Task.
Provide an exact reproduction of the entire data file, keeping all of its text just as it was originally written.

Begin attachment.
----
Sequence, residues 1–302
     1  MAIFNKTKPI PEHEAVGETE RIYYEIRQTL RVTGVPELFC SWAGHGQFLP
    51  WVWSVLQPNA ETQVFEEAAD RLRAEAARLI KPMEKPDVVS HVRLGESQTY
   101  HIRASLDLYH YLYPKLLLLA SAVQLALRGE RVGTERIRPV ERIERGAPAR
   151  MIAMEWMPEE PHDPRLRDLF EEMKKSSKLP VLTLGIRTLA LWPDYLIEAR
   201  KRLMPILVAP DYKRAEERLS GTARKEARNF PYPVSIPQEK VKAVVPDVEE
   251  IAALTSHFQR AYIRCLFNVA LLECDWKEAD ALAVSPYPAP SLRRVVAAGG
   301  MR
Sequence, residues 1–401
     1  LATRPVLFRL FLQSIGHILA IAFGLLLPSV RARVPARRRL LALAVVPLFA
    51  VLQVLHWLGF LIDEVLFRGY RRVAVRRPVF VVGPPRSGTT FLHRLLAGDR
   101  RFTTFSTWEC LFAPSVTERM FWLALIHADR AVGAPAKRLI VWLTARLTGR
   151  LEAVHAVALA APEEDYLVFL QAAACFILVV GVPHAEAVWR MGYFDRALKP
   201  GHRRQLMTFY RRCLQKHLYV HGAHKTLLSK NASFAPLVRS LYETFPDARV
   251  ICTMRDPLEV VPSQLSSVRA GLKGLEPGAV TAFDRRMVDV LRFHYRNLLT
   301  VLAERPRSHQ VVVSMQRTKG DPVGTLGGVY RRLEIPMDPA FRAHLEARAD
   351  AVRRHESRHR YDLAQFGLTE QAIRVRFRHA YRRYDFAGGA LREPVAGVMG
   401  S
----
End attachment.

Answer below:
Sequence, residues 1–302
     1  MAIFNKTKPI PEHEAVGETE RIYYEIRQTL RVTGVPELFC SWAGHGQFLP
    51  WVWSVLQPNA ETQVFEEAAD RLRAEAARLI KPMEKPDVVS HVRLGESQTY
   101  HIRASLDLYH YLYPKLLLLA SAVQLALRGE RVGTERIRPV ERIERGAPAR
   151  MIAMEWMPEE PHDPRLRDLF EEMKKSSKLP VLTLGIRTLA LWPDYLIEAR
   201  KRLMPILVAP DYKRAEERLS GTARKEARNF PYPVSIPQEK VKAVVPDVEE
   251  IAALTSHFQR AYIRCLFNVA LLECDWKEAD ALAVSPYPAP SLRRVVAAGG
   301  MR
Sequence, residues 1–401
     1  LATRPVLFRL FLQSIGHILA IAFGLLLPSV RARVPARRRL LALAVVPLFA
    51  VLQVLHWLGF LIDEVLFRGY RRVAVRRPVF VVGPPRSGTT FLHRLLAGDR
   101  RFTTFSTWEC LFAPSVTERM FWLALIHADR AVGAPAKRLI VWLTARLTGR
   151  LEAVHAVALA APEEDYLVFL QAAACFILVV GVPHAEAVWR MGYFDRALKP
   201  GHRRQLMTFY RRCLQKHLYV HGAHKTLLSK NASFAPLVRS LYETFPDARV
   251  ICTMRDPLEV VPSQLSSVRA GLKGLEPGAV TAFDRRMVDV LRFHYRNLLT
   301  VLAERPRSHQ VVVSMQRTKG DPVGTLGGVY RRLEIPMDPA FRAHLEARAD
   351  AVRRHESRHR YDLAQFGLTE QAIRVRFRHA YRRYDFAGGA LREPVAGVMG
   401  S